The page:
By law, Delmarva Power must generate 20% of its power supplies from renewables by 2019, or face financial penalties. If an offshore REC is worth 3.5 times more than an onshore REC, meeting the mandate becomes that much easier, making it worthwhile for Delmarva to offer a much higher power purchase price for offshore wind than would otherwise make financial sense. On land, a megawatt hour of green power is granted a single REC, while an offshore megawatt hour would represent 3.5 RECS, if lawmakers agreed. The approach is not without precedent in Delaware; land-based wind projects online by end 2012 get 1.5 RECS/MWh and solar PV located in state by 2014 gets three RECS.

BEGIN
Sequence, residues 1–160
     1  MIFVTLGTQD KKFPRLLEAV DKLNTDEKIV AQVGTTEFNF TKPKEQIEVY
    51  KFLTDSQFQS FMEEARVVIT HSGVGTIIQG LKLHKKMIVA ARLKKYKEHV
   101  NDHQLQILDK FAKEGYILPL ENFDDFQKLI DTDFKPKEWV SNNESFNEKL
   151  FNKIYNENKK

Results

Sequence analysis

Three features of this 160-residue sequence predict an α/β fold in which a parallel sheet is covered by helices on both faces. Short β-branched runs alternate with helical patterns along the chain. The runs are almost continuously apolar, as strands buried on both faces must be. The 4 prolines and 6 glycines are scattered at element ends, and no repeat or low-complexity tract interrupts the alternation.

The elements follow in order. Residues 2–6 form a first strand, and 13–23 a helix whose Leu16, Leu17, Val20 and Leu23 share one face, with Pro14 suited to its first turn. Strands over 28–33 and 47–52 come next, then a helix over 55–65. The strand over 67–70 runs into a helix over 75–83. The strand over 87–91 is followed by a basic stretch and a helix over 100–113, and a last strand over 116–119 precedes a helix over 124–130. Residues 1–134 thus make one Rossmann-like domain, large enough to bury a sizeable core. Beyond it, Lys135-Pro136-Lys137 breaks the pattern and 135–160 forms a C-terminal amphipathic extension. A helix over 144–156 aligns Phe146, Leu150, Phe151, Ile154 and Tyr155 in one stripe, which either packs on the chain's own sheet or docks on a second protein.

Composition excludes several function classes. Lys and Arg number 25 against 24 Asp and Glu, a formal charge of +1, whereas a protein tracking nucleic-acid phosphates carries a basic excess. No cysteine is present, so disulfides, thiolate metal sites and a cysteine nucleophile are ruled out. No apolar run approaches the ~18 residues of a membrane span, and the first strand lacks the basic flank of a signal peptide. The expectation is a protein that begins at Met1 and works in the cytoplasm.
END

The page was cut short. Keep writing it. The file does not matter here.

Meantime, Bluewater hopes to find other utility customers with which it can sign PPAs so it can build out the project to its planned 600 MW. Delmarva's PPA is for the output of just 200 MW. If the project proves not to be viable because no change in the law is made, or other power purchasers fail to come forward, Bluewater is free to walk away from the agreement with Delmarva without penalty.
Aside from finding an entity willing to pay a premium for the power, Bluewater Wind must wait for rules and regulations from the federal government for offshore wind development and conduct numerous environmental and technical studies, including more precise meteorological studies. "We think we've reached the first significant milestone and from here on we are very optimistic," says Babcock & Brown's Matt Dallas.